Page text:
A third of US adults report that they usually get less than the recommended amount of sleep.
Not getting enough sleep is linked to many chronic diseases, such as type 2 diabetes, heart disease, obesity, and depression.
In a study from University College London, scientists found that less than five hours of sleep in mid-to-late life could be linked to an increased risk of at least two chronic diseases.
The research analyzed the impact of sleep duration on the health of more than 7,000 men and women at the ages of 50, 60, and 70, from the Whitehall II cohort study.
Researchers examined the relationship between how long each participant slept, mortality, and whether they had been diagnosed with two or more chronic diseases (multimorbidity)—such as heart disease, cancer, or diabetes—over the course of 25 years.
People who reported getting five hours of sleep or less at age 50 were 20% more likely to have been diagnosed with a chronic disease and 40% more likely to be diagnosed with two or more chronic diseases over 25 years, compared to people who slept for up to seven hours.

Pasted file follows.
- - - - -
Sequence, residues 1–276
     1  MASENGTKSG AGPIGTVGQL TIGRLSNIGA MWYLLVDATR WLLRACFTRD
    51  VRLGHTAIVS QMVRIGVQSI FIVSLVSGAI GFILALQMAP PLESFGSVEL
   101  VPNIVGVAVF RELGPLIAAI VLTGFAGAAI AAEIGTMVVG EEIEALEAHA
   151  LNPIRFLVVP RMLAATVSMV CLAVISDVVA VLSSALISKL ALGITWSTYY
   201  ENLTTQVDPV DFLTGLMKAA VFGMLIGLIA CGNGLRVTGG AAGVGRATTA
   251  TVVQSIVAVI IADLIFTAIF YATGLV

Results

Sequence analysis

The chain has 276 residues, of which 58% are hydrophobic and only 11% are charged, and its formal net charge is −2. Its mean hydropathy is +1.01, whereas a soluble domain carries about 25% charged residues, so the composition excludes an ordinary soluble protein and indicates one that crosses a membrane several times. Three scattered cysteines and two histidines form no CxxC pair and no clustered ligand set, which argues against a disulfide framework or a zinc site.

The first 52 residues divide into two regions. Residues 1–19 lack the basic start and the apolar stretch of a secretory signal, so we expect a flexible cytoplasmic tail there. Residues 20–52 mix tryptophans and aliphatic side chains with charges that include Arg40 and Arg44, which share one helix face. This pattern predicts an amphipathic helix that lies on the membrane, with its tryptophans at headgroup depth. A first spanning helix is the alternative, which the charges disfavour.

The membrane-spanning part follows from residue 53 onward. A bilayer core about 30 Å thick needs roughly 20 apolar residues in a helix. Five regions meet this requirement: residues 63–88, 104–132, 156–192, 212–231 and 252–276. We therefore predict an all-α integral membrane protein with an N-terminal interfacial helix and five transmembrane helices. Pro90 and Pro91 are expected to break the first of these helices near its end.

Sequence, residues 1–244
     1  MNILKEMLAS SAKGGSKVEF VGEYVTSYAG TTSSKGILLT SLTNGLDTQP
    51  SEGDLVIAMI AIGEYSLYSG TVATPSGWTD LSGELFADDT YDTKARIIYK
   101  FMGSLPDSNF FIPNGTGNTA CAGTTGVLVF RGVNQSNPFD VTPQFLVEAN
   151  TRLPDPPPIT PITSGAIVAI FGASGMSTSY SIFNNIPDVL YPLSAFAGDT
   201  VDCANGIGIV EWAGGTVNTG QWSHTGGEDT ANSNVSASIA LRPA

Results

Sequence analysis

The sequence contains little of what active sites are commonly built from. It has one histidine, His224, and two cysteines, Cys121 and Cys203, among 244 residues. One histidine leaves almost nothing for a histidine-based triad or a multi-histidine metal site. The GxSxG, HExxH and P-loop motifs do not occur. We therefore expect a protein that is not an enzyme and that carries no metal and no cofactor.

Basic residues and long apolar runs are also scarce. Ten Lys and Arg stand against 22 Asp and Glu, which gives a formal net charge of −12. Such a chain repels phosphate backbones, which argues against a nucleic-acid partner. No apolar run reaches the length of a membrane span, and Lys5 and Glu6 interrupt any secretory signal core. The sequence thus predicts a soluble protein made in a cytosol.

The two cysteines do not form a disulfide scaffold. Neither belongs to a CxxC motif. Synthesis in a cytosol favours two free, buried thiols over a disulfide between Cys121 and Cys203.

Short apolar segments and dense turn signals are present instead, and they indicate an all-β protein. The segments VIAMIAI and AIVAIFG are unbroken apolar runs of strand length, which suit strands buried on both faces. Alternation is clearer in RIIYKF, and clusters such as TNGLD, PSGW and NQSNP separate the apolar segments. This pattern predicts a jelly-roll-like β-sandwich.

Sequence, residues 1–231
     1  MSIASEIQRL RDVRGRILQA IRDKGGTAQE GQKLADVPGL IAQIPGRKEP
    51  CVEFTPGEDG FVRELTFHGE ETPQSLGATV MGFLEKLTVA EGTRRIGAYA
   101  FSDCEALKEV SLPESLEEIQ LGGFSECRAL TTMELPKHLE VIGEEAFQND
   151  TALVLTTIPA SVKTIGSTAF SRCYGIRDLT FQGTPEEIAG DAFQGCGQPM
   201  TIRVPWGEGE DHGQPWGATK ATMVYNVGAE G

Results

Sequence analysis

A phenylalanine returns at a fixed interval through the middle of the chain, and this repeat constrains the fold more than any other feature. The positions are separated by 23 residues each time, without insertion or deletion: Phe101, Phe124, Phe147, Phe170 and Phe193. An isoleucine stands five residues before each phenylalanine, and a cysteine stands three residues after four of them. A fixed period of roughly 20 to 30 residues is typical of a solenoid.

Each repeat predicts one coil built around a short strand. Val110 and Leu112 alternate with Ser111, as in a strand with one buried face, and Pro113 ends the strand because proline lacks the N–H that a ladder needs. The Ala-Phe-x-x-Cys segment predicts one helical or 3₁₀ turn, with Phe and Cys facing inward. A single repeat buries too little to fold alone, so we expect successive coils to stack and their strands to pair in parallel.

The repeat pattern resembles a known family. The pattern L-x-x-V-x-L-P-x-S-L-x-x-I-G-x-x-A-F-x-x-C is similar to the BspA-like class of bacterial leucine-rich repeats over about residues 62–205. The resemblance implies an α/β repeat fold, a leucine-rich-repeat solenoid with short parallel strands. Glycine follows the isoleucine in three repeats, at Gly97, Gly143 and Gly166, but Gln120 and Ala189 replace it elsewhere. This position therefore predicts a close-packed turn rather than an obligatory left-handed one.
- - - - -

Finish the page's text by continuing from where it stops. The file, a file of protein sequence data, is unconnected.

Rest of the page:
Additionally, sleeping for five hours or less at the age of 50, 60, and 70 was linked to a 30% to 40% increased risk of multimorbidity when compared with those who slept for up to seven hours.
Researchers also found that sleep duration of five hours or less at age 50 was linked to a 25% increased risk of mortality over the 25 years of follow-up—which can mainly be explained by the fact that short sleep duration increases the risk of chronic disease(s) that in turn increase the risk of death.
As part of the study, researchers also assessed whether sleeping for a long duration, of nine hours or more, affected health outcomes.
There was no clear association between long sleep durations at age 50 and multimorbidity in healthy people.
However, if a participant had already been diagnosed with a chronic condition, then long sleep duration was associated with around a 35% increased risk of developing another illness.
Researchers believe this could be due to underlying health conditions impacting sleep.
The team says getting enough sleep allows your body to rest.
There are a host of other ways that poor sleep could increase the risk of heart disease or stroke, including by increasing inflammation and increasing blood pressure.
If you care about sleep apnea, please read studies about a new way to detect sleep apnea, and this drug could help treat insomnia and sleep loss.
For more information about sleep, please see recent studies about how to protect your sleep from insomnia over COVID-19 anxiety, and results showing sleep aids aren’t safe for older adults, but 1 in 3 still take them.
The study was conducted by Dr. Severine Sabia et al and published in PLOS Medicine.
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